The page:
Search
  • guts publishing

Julian Bishop Interview - Cyber Smut

Julian's poem 'Tracker' is in our Cyber Smut anthology, release date 15 September. For pre-orders visit: www.gutspublishing.com/books


Would you like to tell us about First Call Media and what kind of work you do?

Sure – I help prepare people for media interviews (like this haha) so they can communicate something meaningful rather than fending off what can sometimes be a stream of antagonistic questions. I’ve worked with all kinds of organisations from charities (Friends of the Earth, Shelter etc) to FTSE-100 companies and even the European Central Bank.


Perhaps we all have a rational or professional ‘mind’ and a creative ‘mind’ although it really does seem that your two minds are miles apart. How does your professional life differ from your creative life? Do you find it difficult to compartmentalize? Can you summarize how television journalism differs from poetry?

I started my career as a reporter of the South Wales Echo in Cardiff having decided journalism was the only way to make money as a writer. Eventually I worked for both the BBC and ITN in London – dare I say there’s not much room for poetry on News At Ten! I guess writing poetry was an antidote to the often brutal news stories I worked on – and even now I use news stories as a source for many of my poems. I guess it’s a way of processing events often so overwhelming that broadcast pictures and “facts” can’t do them justice.


Tell us about the collective group Poets For The Planet. What is it, and how did you become involved?

The group was set up by poet Jacqueline Saphra and a group of like-minded eco poets – I joined the collective quite early on. The aim of the group is to respond to and raise awareness of the climate crisis through poetry – we held a big reading event just before lockdown and it’s great to see affiliate groups springing up in other countries too.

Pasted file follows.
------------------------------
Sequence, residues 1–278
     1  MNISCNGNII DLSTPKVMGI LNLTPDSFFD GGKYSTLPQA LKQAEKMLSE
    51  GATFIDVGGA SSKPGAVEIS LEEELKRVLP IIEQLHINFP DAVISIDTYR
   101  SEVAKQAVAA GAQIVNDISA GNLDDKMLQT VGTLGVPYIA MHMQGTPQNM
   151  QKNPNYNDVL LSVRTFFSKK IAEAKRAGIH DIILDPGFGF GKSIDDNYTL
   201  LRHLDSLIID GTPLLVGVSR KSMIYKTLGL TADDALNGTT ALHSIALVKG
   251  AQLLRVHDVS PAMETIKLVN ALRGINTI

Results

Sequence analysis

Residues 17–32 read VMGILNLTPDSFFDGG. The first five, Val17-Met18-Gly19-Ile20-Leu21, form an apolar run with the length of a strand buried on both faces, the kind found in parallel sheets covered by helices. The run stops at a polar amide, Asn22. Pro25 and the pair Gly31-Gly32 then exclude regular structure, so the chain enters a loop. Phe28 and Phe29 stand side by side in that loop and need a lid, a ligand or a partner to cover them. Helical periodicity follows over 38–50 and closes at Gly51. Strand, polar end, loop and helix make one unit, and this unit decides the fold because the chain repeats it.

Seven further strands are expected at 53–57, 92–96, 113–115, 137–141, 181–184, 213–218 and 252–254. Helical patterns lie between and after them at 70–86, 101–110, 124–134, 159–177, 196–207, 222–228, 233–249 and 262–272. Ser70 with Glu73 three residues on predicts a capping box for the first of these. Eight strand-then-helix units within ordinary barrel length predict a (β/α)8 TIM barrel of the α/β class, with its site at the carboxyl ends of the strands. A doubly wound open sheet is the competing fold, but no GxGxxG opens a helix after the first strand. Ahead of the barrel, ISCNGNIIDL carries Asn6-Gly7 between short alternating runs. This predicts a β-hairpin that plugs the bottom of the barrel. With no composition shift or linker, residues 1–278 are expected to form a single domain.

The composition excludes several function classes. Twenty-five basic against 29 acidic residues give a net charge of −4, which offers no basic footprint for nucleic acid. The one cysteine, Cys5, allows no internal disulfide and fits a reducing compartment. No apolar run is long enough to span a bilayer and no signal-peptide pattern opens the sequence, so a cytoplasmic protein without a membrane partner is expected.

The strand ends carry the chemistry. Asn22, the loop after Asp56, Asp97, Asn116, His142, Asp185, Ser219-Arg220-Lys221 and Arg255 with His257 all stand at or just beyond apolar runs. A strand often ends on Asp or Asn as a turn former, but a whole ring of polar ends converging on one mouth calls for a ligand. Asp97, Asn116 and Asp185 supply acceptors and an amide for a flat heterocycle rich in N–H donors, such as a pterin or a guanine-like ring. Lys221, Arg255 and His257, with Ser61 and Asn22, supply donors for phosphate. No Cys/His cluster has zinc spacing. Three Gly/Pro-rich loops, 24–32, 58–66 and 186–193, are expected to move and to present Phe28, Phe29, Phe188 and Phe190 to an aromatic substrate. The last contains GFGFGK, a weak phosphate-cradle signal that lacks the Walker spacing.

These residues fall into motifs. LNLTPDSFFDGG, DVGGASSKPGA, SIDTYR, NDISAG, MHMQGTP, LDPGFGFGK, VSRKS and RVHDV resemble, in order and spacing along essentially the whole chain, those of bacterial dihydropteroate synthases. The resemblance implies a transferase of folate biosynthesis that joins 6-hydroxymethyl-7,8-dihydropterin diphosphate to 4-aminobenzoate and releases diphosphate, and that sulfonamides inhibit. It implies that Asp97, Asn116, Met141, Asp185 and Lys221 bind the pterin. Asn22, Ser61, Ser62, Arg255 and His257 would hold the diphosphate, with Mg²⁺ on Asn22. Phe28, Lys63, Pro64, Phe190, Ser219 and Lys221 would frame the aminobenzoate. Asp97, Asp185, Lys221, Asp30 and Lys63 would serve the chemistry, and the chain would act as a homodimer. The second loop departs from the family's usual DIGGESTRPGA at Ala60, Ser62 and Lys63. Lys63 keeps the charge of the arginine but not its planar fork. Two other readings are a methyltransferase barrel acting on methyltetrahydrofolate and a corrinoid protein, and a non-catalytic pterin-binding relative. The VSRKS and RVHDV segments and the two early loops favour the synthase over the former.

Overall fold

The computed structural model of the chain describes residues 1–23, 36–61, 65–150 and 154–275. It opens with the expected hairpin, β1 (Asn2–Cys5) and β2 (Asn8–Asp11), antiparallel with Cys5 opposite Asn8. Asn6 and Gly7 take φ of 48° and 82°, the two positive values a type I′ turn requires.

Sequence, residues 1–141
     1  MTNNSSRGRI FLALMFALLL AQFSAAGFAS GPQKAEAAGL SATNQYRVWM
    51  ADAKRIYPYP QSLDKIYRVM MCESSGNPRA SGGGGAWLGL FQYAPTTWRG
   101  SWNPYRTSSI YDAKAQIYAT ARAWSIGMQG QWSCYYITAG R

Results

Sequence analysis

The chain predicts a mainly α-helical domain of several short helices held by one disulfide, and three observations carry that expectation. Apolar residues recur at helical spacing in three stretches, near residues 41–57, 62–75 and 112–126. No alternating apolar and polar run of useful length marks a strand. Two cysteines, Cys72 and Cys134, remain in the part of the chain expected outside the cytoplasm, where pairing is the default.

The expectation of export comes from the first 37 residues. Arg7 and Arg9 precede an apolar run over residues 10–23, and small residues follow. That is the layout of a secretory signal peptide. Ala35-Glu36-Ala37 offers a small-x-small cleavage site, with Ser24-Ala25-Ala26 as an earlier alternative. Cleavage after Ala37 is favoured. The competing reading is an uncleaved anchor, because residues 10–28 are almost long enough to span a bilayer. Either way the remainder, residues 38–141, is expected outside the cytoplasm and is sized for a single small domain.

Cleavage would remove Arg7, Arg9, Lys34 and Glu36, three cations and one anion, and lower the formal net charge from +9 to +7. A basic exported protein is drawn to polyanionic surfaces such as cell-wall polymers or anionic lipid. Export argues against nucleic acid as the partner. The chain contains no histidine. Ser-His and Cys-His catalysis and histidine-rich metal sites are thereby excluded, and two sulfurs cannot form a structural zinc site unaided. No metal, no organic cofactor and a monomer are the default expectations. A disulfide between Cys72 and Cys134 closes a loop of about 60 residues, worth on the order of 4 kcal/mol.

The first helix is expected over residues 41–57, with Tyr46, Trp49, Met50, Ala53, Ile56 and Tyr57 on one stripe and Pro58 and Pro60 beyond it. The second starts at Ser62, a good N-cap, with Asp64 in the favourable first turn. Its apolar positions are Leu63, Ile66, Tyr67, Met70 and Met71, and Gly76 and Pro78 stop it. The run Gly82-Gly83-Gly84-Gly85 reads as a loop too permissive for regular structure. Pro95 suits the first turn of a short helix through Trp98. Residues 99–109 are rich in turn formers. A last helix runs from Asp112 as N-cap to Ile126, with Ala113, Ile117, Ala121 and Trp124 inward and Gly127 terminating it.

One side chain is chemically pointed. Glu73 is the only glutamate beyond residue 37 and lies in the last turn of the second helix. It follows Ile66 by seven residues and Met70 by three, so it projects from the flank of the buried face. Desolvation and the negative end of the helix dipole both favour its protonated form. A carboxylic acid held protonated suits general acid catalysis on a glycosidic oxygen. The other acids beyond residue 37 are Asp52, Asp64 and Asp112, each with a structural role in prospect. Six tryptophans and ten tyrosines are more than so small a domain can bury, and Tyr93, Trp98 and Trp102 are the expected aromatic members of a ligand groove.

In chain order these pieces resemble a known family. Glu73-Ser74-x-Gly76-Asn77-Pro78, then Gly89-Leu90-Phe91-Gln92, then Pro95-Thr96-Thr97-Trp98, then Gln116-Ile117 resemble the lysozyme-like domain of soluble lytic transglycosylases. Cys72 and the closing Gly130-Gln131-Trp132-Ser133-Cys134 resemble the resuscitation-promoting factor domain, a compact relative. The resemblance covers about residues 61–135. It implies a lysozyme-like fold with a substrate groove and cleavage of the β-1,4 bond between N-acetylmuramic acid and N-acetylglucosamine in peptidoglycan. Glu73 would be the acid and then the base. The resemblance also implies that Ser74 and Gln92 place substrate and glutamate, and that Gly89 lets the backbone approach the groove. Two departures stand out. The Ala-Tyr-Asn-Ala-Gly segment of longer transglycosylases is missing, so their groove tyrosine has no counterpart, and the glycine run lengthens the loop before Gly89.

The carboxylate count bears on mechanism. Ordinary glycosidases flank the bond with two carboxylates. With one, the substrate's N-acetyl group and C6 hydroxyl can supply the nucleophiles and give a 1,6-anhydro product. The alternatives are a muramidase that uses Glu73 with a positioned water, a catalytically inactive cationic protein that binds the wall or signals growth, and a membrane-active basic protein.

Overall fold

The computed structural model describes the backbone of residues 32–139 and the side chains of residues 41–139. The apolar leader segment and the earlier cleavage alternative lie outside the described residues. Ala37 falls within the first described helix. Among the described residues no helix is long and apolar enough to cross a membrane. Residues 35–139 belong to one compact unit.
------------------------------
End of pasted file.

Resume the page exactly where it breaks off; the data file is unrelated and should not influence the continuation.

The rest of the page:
Can you explain what Eco Poetry is and why it’s important?

The easy answer is any poem that touches directly on the climate crisis; the more tricksy answer is doesn’t the climate crisis form the backdrop to all our lives so every poem touches on it in some way?


You’ve been shortlisted for the Bridport Poetry Prize. What was your poem about, and how did you feel when you got the news?

My poem for the Bridport was called 'Window Ledge' and was written about my parents. They live in a touristy village and stare out at a world staring in at them – it explored the conflict between the worlds. I didn’t know if being shortlisted was a big deal until my City Lit poetry tutor congratulated me!


What attracted you to Cyber Smut, or was it Cyber Lives when you submitted your poem?

I think it was Cyber Lives – there’s not much direct smut in my poem although I think there’s a sexual charge rippling beneath the surface… when I workshopped it some people were shocked by what it described so I thought it might be tricky to place. Thanks guys!


What are your favourite and least favourite things about living in North London? Do you have recommendations for us South-Londoners?

Best – it’s absolutely great for poetry with some really strong stanza groups. I also live next to some fantastic countryside in High Barnet. Worst – the High Street is dire.


Describe yourself in 3 words.

I hate labels


* * *


Julian Bishop is a former television journalist living in North London who is a member of the collective group Poets For The Planet. A former runner-up in the Ginkgo Prize for Eco Poetry, he’s one of four prize-winning poets featured in a 2020 pamphlet called Poems For The Planet. He’s also been shortlisted for the Bridport Poetry Prize.

32 views

©2020 by Guts Publishing. Proudly created with Wix.com